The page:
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Real Life National Treasure Discovery: Hidden Chamber at Mount Rushmore

Ever wonder if Mount Rushmore really houses a series of secret passages and tunnels behind it like in National Treasure? Well, the answer to that is no but there is a secret chamber that not many people know about. Learn about the history behind the massive monument and how it came to be today.

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The Iconic Sculpture in the South

Every year more than 3 million people take a trip to the Black Hills of South Dakota to visit Mount Rushmore. The giant statues in the mountain of George Washington, Thomas Jefferson, Theodore Roosevelt, and Abraham Lincoln represent the triumphs and tribulations that the United States has gone through.

History of Mount Rushmore

Known as the “Father of Mount Rushmore”, Doane Robinson was the man behind the idea to create the enormous carvings in the mountain in 1923. The main goal behind this was to have a landmark that would attract tourism to his home state. In 1924, Robinson contacted Gutzon Borglum, a well-known sculptor. Borglum was known for his work with the Confederate Memorial Carving on Stone Mountain so it made sense to contact an artist who had experience working on large-scale sculptures.

In 1925, Congress approved the construction on Mount Rushmore. The original plan was to sculpt famous people or major events in history. In the end, they decided to carve the four presidents that can be seen today.

Why These Presidents?

Borglum selected those 4 presidents out of 29 previous presidents at the time because of what they symbolized. George Washington represented the birth of the country, Jefferson represented growth, Roosevelt represented the development, and Abe represented the preservation of the union.

The Controversy of the Location

There was controversy about the location at Mount Rushmore. Since construction was going to permanently change the geology of the area, many Native American tribes were going to be uprooted.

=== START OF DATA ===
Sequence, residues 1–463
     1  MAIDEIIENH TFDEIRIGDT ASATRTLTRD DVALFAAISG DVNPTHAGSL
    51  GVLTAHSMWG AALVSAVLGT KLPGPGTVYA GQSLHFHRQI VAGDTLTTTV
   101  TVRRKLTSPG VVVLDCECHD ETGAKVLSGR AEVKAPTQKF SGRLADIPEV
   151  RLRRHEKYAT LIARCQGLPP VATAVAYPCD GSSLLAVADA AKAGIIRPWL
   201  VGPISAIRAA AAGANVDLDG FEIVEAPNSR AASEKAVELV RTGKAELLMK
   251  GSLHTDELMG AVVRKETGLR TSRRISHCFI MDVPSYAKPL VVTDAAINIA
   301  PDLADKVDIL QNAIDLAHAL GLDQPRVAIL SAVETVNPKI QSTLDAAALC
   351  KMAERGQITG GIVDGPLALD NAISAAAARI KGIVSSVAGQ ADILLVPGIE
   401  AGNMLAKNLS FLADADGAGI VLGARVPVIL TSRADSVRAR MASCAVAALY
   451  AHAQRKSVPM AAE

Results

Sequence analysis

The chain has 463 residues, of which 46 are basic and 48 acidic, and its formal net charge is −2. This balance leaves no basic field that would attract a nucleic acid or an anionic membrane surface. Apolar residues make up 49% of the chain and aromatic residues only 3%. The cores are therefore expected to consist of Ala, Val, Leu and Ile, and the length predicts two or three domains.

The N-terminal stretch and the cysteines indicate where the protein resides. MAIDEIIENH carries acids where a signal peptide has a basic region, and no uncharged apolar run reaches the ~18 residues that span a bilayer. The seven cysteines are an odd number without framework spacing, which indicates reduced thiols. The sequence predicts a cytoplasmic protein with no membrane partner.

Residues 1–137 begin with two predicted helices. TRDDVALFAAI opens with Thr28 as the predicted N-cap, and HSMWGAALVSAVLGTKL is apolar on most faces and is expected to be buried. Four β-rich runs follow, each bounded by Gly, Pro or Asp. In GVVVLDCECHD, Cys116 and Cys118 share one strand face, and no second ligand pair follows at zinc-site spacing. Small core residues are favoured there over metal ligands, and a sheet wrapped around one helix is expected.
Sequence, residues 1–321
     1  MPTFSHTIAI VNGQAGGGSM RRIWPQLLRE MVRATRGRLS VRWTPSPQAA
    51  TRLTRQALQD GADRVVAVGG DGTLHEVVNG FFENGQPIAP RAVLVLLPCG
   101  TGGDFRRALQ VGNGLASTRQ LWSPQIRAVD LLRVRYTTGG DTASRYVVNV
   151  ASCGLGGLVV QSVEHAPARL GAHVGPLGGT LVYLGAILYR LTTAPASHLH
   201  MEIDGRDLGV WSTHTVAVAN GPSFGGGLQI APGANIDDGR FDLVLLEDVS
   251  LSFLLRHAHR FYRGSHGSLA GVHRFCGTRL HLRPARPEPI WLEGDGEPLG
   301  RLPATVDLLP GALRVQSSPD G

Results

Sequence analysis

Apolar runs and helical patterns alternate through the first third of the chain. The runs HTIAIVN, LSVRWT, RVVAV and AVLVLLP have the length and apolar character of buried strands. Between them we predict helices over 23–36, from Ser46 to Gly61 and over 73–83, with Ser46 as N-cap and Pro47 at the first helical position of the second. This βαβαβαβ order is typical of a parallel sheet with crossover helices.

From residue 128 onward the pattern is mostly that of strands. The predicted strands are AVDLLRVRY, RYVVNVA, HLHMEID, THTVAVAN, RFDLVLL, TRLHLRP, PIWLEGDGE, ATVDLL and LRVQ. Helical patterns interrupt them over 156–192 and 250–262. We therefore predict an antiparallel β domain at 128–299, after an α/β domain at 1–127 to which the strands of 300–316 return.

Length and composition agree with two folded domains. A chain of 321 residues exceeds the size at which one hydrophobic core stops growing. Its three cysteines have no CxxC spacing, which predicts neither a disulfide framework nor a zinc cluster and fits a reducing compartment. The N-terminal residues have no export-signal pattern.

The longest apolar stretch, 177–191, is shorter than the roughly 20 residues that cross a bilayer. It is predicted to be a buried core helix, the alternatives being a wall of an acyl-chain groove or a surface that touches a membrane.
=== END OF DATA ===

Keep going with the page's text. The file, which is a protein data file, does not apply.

Since the government had already claimed the area as a National Park, there wasn’t much the Native Americans could do but many of them still perform rituals on the land. There is also talk about compensating these tribes for the land that was taken from them.

Borglum the Builder

You’ve heard of Bob the Builder but it seems more appropriate to call him Borglum the Builder. In 1927 Borglum hired 499 workers to start working on the mountain. This project was like Borglum’s child. He wanted it to be perfect and his best work.

He had huge plans for the monument. Originally it was going to have a map of the Louisiana Purchase and more than just four presidents. So what happened? Funding. What Borglum wanted to do was extremely out of the budget and was denied.

Borglum Had His Own Plans

The construction of the faces proceeded without any major complications while Gutzon began working on his own secret addition. In 1938 the US Government allowed Borglum to add a 70-foot tunnel behind Abraham Lincoln’s head. The tunnel was going to lead to “The Hall of Records at Mount Rushmore”.

The Hall of Records was going to hold some of America’s most important documents. Basically a giant time capsule. Construction of the hall was paused when Borglum died in 1941. Construction of the face continued.

A Monument is Completed in 1941

On October 31, 1941, all four faces on Mount Rushmore were completed. The project was done. An interesting fact is that during the whole construction process there was not a single death.

 

But what happened to the Hall of Records? Well, it was completed on a much smaller scale than Borglum wanted a few years after the faces were completed.

Maintaining the Mount

Since it was constructed so long ago, there is constant work being done to maintain the mountain. The original sealant that they used turned out to not be waterproof. The National Parks staff began to remove the old sealant and replaced it with silicone.

In the 1980’s the park started becoming more tourist friendly by building sidewalks and other facilities to make the visiting experience better.